Some of my first real assignments were for theGazette. Dusty Rhodes, who was then the editor, gave me several assignments. This was a wonderful learning process that helped prepare me for when I started to work for national magazines. The picture of the Class of 1911 alumnus was one of my first published pictures. To this day, I like the picture and wonder if the old alumni at Penn still have such character. James Fry Strong certainly had an amazing look. The other photograph was taken some years later, in 1973, when I did a story on how Penn had changed. I don’t remember taking this particular picture and I wonder what I was thinking at the time. Now, when I look at it I can read many things into it.

Without Penn and the Annenberg School, I would not have had the amazing life that I live as a photographer. I would not have met all those very special people, both famous and not famous, that have allowed me to photograph them. I am extremely grateful to the University for the great opportunities it gave me.”

Mary Ellen Mark’s photography has won numerous awards and has been exhibited worldwide. Her work has appeared in dozens of magazines and in 12 books. A new book, Twins, is due out in Fall 2003.

Mary Ann Greenawalt CW’62
Moving Day

The changing face of our campus began in earnest in the early sixties. When I first was on campus and joined a sorority, Delta Delta Delta, the sorority house was a lovely, historic property on McAlpine Street. I wonder if anyone other than Tri Deltas and a few St. Andrews members could even recall today where McAlpine Street was: the Tri Delta House and the street were demolished to build the Annenberg Center.

Just around the corner on Locust Street was a great greasy spoon called Grand’s. Since no meals were served at our small house, we ate many breakfasts and lunches at Grand’s. I don’t recall anyone ever having, or at least admitting, that they had dinner there. It was a place for a quick meal and for running into other students to plan weekend activities and set up study dates. Many a romance and many a rumor started at Grand’s.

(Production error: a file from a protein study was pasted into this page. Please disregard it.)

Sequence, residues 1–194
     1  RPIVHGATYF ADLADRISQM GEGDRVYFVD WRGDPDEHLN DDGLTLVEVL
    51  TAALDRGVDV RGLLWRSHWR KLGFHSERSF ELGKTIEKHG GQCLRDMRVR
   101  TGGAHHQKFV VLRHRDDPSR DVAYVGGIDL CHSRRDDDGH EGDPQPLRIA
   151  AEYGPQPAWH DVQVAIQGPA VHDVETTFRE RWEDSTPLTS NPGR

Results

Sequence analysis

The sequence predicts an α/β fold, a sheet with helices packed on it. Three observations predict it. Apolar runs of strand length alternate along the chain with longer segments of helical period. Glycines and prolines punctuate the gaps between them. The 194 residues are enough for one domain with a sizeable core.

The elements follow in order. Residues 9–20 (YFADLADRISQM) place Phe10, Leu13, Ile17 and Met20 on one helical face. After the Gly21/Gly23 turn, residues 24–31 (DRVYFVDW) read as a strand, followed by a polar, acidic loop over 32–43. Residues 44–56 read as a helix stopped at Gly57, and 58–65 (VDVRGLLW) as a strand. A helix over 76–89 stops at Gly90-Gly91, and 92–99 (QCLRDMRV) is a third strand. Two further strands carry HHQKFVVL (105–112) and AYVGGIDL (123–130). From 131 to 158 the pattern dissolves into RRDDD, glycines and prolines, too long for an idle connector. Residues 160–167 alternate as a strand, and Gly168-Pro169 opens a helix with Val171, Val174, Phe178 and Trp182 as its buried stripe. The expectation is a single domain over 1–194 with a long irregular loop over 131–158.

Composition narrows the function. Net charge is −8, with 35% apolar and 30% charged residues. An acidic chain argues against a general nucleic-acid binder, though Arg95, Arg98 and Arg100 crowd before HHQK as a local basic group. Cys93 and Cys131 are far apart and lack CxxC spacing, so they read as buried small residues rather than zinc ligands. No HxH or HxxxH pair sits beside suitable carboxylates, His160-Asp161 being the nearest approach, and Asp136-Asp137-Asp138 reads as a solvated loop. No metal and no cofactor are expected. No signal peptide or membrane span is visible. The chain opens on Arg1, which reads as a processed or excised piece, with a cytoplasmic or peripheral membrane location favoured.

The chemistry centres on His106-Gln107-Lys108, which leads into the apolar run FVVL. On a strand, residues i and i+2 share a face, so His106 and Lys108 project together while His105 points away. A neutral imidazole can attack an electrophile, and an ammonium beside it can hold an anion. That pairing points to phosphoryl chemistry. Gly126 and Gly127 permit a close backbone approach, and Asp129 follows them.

During my junior year when the house on McAlpine was about to be knocked down, we were given 3906 Locust Street as our new residence—gone too, and in its place is the Steinberg Conference Center. The brick structure on Locust became the Wharton Graduate Center, after Tri Delta lost its charter in about 1968.

Moving day, from McAlpine to Locust Street (not Walk), was quite a day. To save money the members had to carry lamps, books, chairs, TVs, anything that we could lift, to the new house. It was a gorgeous day, and we were having a good laugh at having to do this handyman work. I spotted one of the little trucks with two facilities-and-maintenance workers chugging up the street and flagged them down. At first they were reluctant to assist, but how could they refuse all of us lugging all this stuff down the street? We enrolled these two guys into our moving program and used the little truck most of the afternoon.

Isn’t it interesting now, all these years later, my recollections are of friends and funny incidents. I can remember going to classes, I can recall a few good professors and I can laugh many times thinking of them.

Mary Ann Greenawalt is president and owner of B&B Specialty Foods in Bloomfield Hills, Michigan.

Mireille Lellouche Key CW’62
Never Stop Learning …

To ask me to single out one memory from all the ones that crowd my mind when I think about Penn would be like asking a mother to name her favorite child. But I’ll try … When I think beyond the friends, the extracurricular activities, Philadelphia, the campus, everything I loved about Penn, I always return to this: Penn taught me how to learn and to love learning. It taught me to explore, not only my own inner workings, but those of the world around me.

These gifts have stayed with me all of my life, enabling me to take on challenges that I might never have attempted otherwise. I lived in two different foreign countries, perfecting one language and learning another. I explored new cultures and tested my intellectual, social, and emotional skills.

Always eager to learn, I fulfilled a lifelong desire to work in the creative arts and enrolled at the University of Maryland’s graduate program in theatre. In 1992, I received a Master of Fine Arts in Costume Design. After a successful career as a professional costume designer I have returned to my first professional love, languages.